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Iraq, Sandy Hook and America

William Rivers Pitt: Cowardice allowed the Iraq war to happen and the assault weapons ban to fail.

(Photo: Dave Barger / Flickr)

In my own country I am in a far off land.
I am strong but have no power.
I win all yet remain a loser.
At break of day I say goodnight.
When I lie down I have great fear of falling.
– Francois Villon

There is a certain miasmic symmetry to the fact that America passed the ten-year anniversary of the onset of the Iraq war in the same week that the assault weapons ban went down to dirty defeat in Congress with nary a vote passed.

The war in Iraq was a crime, as was the Sandy Hook massacre that temporarily inspired the ban.

The rank and ravaging cowardice of those who should have known better allowed the Iraq war to happen, just as the rank and ravaging cowardice of those who know better allowed the Sandy Hook massacre to happen through their inaction and indifference, and then allowed the ban to fail in the aftermath.

No one – not the politicians, or their hyper-enabling media whores, or the “defense” contractors who robbed the country blind, no one – has been punished for the crime that was Iraq, just as no one – not the gun manufacturers and sellers who armed the shooter, or the NRA shills who empowered them all, no one – has been punished for Sandy Hook.

And some got very well paid: the cash shelves in the Treasury are barren and empty because of Iraq, just as the ammo and weapon shelves in almost every gun store in the country are barren and empty after a season of heady and hearty sales. Cleaned out, pocketed, thanks very much, you pack of numb suckers.

Some got paid, no one is faulted or held accountable, and the dead lie still and voiceless in the cold ground.

That is America.

Sandy Hook is a microcosm of Iraq – the slaughter of innocents writ small and large, and both a payday for low men – and the failure to do anything of any weight or import about the former taking place during the ten-year anniversary of the crime-of-the-century latter tells you all you need to know about where we stand as a nation and as a people.

Adam Lanza fired 154 rounds in less than five minutes during his rampage at Sandy Hook, amounting to one shot fired every two seconds. A number of his victims were dismembered by the barrage, literally cut in half. He only had to reload four times as he unleashed those 154 shots, because of the size of the magazines he was packing.

Facing this, we are incapable of summoning a response to address it. The very fact of it fades, because we are Americans, and well-trained to forget.

Hundreds of thousands of Iraqis were massacred, whole neighborhoods were razed to the the ground – men, women, children, all turned into hamburger and stains on the wall – in a war that was nothing more or less than an act of deliberate murder that paid out trillions of dollars to the friends of the perpetrators. Tens of thousands of American soldiers are either dead – on the battlefield and by their own hand here at home – or crippled, or deranged by PTSD, or unemployed in the rampaged economy they came home to, facing a VA system utterly overwhelmed by the avalanche of their plight.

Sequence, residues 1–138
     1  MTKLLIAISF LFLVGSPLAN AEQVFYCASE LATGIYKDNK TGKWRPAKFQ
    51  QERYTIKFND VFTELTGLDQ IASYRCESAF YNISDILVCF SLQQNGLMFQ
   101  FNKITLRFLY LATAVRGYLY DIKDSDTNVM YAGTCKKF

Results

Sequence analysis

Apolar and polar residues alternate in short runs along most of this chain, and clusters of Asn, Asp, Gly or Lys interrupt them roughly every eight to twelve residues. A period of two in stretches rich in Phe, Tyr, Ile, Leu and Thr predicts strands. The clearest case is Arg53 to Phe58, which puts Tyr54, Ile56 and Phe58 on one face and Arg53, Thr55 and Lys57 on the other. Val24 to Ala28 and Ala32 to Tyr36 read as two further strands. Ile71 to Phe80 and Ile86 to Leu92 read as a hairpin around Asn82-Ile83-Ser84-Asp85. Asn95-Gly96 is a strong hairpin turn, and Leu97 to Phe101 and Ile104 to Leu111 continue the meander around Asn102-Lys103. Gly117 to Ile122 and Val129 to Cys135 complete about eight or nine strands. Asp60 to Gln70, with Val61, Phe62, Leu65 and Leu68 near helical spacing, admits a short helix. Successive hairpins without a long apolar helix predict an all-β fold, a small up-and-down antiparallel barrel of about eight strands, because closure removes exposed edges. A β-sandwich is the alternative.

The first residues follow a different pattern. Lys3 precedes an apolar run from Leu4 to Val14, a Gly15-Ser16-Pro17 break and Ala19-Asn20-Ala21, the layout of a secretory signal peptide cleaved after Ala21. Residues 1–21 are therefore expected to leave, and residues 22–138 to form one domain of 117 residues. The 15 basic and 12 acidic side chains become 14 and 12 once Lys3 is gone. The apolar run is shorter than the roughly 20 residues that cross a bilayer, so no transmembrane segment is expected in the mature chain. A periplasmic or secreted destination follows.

Facing this, we are incapable of summoning a response to address it. The very fact of it fades, because we are Americans, and well-trained to forget.

I spent the anniversary of the Iraq invasion reading every thought and opinion on the day I could find. Charlie Pierce, as usual, got it right; Paul Savoy got it right; and Twitter in general got it right in response to Donald Rumsfeld’s astonishingly awful self-congratulatory message for the day.

But no one got it as right as Tomas Young, an Iraq veteran whose spine was severed by a bullet, who is today dying in hospice, another victim of the crime of the century. In his “Last Letter,” Young wrote:

I write this letter, my last letter, to you, Mr. Bush and Mr. Cheney. I write not because I think you grasp the terrible human and moral consequences of your lies, manipulation and thirst for wealth and power. I write this letter because, before my own death, I want to make it clear that I, and hundreds of thousands of my fellow veterans, along with millions of my fellow citizens, along with hundreds of millions more in Iraq and the Middle East, know fully who you are and what you have done. You may evade justice but in our eyes you are each guilty of egregious war crimes, of plunder and, finally, of murder, including the murder of thousands of young Americans-my fellow veterans-whose future you stole.

My day of reckoning is upon me. Yours will come. I hope you will be put on trial. But mostly I hope, for your sakes, that you find the moral courage to face what you have done to me and to many, many others who deserved to live. I hope that before your time on earth ends, as mine is now ending, you will find the strength of character to stand before the American public and the world, and in particular the Iraqi people, and beg for forgiveness.

If one of the children slaughtered at Sandy Hook could also write a letter, might they have very similar words for those who delivered them to their bleak estate? Might they have similar words for a country that can bear witness to such horrors, only to shrug them off?

Iraq, and Sandy Hook and America.

It is all of a piece.

Some got paid, no one is held accountable, nothing is done.

And the dead lie still.